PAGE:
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An Option On New Cars Now Proven To Save Lives

Volvo, Ford, Mercedes-Benz, Acura and Infiniti among companies offering it

A new study seems to validate that a radar-based collision avoidance system in a vehicle will substantially lower a driver's chance of being in an accident.

Swedish automaker Volvo has such a system on its XC60 crossover, called "City Safety." The system uses infra-red laser sensors to spot likely accidents about to happen at speeds ranging from 2 mph to 19 mph. If the driver fails to react in time to avoid the accident, the system automatically kicks in and activates the car's brakes.

The Volvo has been involved in 27% fewer property damage events than other mid-sized luxury SUVs, according to a report released by the Highway Loss Data Institute. The XC60 was also involved in 51% fewer "bodily injury" incidents. The real validation for the Volvo system, though, came from the finding that the XC60 was 19% less likely than other Volvos to be involved in an accident, thus putting aside the idea that the numbers would favor Volvo over other brands because buyers of the Swedish cars tend to drive more cautiously than other drivers.

This is exactly what the company needed to help overcome the spectacular failures it had testing its avoidance radar system for media in 2010. The car avoidance system failed in front of Swedish journalists in May, resulting in a Swedish news piece showing a car smashing into the back of a truck. Even without subtitles, it's clear the piece was an embarrassment.

In September, videos of cars plowing down mannequins meant to represent pedestrians hit the Internet, resulting in a lot of snarky laughter and doubt that Volvo's safety systems work as intended.

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Volvo has long marketed its brand around safety, pitching the cars as being better protectors of drivers and their occupants than other brands, so the findings, the first of their kind to validate such systems, is a boon to their image.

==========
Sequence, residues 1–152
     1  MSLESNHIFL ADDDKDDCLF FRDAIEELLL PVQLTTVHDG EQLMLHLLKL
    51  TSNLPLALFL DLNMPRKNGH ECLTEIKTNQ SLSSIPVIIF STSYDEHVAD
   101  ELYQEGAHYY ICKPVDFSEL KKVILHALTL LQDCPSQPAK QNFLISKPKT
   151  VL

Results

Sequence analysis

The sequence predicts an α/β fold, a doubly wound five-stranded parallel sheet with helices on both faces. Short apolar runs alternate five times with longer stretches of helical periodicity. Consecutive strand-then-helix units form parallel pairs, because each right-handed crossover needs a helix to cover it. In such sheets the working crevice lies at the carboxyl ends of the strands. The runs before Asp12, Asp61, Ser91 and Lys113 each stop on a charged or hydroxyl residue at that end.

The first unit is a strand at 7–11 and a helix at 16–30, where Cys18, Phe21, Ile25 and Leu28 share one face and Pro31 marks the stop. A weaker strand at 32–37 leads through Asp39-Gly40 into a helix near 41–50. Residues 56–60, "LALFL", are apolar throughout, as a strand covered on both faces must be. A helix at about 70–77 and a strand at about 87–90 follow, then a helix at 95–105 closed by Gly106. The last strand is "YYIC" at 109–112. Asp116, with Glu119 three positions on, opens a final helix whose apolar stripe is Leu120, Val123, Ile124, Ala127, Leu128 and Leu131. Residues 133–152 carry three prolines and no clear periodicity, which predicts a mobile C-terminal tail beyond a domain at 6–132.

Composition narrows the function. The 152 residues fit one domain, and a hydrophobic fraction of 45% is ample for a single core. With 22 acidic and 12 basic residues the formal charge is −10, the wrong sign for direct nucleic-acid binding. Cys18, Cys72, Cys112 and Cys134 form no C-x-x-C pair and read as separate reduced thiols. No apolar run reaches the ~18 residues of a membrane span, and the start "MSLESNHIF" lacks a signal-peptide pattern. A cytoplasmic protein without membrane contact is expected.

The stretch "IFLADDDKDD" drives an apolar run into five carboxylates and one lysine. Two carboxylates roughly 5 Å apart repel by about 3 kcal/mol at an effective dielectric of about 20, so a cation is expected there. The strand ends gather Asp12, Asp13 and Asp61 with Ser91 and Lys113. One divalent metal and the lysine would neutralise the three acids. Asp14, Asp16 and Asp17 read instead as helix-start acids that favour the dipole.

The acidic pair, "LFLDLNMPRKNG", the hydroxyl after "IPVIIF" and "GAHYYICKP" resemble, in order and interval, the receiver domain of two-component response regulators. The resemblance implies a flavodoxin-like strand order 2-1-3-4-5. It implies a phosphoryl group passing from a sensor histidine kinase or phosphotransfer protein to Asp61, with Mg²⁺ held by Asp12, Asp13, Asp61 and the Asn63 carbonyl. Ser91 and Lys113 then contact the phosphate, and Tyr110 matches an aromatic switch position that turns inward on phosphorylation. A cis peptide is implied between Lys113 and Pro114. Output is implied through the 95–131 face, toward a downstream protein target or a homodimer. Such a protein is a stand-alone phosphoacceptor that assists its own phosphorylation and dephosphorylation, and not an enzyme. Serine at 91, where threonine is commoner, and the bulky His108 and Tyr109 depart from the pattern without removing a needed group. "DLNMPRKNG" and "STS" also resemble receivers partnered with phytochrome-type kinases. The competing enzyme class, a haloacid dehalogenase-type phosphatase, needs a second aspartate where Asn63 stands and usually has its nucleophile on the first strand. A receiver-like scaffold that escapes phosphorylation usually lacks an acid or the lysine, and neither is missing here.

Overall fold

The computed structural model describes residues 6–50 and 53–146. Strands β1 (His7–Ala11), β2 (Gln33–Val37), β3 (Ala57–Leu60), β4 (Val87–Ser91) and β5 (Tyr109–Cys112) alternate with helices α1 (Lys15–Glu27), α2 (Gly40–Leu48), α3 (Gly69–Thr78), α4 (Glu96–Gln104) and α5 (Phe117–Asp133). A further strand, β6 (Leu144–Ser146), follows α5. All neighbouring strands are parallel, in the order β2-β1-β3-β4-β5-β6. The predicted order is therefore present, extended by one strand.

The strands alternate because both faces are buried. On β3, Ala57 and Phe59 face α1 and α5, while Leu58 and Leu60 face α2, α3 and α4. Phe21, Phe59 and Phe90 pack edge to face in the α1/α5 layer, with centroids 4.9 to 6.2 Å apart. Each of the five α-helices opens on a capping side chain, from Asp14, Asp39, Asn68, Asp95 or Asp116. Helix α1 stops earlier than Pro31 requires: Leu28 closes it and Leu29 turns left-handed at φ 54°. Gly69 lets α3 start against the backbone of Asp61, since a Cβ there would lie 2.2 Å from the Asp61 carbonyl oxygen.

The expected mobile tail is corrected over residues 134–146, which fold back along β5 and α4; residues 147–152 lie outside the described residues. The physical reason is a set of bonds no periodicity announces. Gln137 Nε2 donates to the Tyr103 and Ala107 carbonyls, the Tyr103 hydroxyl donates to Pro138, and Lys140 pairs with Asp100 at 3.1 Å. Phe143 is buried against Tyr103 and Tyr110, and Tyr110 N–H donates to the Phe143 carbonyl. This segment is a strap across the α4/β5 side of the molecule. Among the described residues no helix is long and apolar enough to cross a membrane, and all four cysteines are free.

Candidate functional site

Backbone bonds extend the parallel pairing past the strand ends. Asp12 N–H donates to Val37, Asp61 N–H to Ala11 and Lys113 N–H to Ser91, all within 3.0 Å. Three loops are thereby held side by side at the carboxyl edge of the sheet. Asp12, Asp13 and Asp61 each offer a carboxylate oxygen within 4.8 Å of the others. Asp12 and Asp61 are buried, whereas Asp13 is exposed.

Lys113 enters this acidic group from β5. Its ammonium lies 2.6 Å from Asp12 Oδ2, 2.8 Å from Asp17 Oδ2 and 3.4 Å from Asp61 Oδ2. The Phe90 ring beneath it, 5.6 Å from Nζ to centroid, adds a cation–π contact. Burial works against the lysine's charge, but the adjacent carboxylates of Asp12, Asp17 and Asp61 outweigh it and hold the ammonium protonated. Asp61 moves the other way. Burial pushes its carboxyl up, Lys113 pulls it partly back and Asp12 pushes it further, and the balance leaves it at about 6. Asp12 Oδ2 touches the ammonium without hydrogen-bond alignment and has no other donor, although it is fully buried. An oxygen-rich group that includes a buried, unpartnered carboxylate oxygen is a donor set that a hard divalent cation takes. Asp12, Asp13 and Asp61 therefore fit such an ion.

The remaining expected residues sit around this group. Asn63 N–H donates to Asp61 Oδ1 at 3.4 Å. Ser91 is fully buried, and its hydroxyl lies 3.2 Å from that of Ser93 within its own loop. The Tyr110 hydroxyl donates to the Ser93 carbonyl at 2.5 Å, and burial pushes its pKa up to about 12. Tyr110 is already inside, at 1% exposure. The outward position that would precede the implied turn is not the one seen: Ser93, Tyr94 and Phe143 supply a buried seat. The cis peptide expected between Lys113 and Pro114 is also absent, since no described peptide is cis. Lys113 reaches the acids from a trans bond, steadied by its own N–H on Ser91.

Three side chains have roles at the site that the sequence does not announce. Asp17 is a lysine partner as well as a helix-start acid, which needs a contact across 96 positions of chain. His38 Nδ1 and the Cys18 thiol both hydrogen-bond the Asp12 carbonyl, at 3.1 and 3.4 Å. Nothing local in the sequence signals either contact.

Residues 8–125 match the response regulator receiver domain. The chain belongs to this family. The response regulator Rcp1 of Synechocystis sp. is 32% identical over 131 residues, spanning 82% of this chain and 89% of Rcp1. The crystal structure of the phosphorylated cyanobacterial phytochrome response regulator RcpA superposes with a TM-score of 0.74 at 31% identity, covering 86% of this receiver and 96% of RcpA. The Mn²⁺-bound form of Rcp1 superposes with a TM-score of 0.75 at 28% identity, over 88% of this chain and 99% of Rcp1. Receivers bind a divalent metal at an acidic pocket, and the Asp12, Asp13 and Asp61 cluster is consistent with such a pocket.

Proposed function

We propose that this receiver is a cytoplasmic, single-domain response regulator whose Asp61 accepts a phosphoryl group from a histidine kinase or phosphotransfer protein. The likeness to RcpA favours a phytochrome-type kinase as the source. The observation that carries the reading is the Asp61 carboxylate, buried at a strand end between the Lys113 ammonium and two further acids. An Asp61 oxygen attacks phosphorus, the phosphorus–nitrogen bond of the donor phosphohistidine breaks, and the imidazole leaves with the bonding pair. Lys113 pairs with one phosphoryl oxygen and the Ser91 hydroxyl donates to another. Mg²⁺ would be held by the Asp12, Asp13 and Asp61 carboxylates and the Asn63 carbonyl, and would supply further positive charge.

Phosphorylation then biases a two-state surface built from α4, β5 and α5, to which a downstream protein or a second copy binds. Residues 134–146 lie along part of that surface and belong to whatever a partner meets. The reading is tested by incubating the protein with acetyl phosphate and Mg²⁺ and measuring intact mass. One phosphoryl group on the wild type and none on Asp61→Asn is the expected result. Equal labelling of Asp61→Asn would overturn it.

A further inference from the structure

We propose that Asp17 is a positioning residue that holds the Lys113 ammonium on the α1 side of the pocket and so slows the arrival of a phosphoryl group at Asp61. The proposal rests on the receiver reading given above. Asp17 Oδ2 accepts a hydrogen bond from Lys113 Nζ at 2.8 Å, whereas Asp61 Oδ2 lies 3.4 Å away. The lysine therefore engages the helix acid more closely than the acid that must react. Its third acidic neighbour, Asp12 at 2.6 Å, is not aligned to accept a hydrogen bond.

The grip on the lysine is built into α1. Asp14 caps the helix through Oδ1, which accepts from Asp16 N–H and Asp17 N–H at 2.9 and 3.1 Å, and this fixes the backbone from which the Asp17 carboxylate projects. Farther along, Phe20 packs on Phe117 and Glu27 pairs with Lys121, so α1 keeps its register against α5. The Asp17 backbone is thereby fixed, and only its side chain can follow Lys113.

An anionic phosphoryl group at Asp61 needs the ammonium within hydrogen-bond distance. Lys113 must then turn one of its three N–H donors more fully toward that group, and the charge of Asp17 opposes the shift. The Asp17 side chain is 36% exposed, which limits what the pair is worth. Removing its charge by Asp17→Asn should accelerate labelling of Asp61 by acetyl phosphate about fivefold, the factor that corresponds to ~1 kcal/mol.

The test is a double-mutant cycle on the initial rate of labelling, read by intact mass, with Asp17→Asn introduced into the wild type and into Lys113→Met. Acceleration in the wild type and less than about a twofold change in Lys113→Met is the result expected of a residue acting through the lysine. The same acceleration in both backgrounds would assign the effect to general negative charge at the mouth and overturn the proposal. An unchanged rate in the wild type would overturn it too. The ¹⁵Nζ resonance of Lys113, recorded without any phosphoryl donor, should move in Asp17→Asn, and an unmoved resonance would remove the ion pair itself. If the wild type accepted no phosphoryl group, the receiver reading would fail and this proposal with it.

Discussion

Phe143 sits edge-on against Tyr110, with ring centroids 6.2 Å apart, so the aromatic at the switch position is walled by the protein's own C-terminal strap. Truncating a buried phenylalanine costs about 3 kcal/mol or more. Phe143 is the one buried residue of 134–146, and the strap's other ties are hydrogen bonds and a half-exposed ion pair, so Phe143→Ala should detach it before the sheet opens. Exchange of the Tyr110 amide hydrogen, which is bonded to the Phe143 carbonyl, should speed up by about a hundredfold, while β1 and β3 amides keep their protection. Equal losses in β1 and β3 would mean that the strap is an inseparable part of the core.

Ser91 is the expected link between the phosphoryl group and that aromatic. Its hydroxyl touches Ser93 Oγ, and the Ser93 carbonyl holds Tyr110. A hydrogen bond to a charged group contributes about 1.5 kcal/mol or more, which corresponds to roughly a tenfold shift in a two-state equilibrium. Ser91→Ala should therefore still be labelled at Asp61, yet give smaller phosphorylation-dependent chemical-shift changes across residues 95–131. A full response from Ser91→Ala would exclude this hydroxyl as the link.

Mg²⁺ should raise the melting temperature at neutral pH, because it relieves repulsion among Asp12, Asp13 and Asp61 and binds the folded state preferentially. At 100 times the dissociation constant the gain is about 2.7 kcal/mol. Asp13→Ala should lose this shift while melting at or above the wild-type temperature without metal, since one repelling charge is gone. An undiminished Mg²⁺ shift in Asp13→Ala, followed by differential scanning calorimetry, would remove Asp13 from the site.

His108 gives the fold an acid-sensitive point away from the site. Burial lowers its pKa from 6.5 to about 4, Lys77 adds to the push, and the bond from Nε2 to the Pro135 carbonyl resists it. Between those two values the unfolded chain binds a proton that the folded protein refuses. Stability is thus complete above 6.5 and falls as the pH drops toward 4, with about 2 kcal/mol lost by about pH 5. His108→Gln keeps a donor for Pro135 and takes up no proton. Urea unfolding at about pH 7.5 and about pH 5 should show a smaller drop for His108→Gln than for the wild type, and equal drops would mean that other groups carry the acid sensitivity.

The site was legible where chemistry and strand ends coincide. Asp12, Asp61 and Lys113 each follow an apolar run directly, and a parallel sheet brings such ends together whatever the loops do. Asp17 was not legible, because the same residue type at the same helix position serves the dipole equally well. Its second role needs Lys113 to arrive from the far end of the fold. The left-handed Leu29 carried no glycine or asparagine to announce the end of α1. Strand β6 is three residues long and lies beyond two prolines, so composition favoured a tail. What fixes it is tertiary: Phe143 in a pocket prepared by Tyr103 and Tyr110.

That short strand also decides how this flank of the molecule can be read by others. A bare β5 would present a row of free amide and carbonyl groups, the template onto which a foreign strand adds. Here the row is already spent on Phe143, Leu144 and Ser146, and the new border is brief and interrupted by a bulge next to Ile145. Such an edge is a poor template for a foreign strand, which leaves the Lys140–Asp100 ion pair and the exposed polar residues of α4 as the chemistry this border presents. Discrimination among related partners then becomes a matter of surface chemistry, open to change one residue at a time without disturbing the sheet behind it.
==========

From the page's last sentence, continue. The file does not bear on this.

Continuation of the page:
The survey by the Highway Loss Data Institute suggests that collision avoidance systems can help distracted motorists. Driver error accounts for 90 percent of all crashes. According to Volvo, 75% of all crashes occur at speeds below 18 mph.

Later this year, the Institute plans to study the effectiveness of collision avoidance systems designed for higher speeds.

How does it work? AOL Autos has demonstrated the technology at auto shows. The system uses laser and radar to detect cars up to 20 feet ahead by picking up reflections from tail-lamps, glass, license plates and even the vehicle's paint. If a driver has not applied the brakes, the system does it automatically.

The "technology package" in which the system is offered on the XC60 costs $2,100.

Other vehicles and car companies have systems similar to Volvo's that try to accomplish the same thing.

Ford developed a radar-based active collision avoidance system that combines auditory warnings, like chimes ringing, with braking to help reduce the incidence and severity of accidents. The Collision Warning part of the system uses radar to detect moving vehicles and stationary objects ahead of the driver, and sounds an alarm when the computer detects the driver not reacting.

Other models that offer collision avoidance systems include the BMW 5-Series and 7 Series, Mercedes-Benz E Class and S Class, Acura RL and Infiniti FX, Lincoln MKT and MKS and Ford Taurus.

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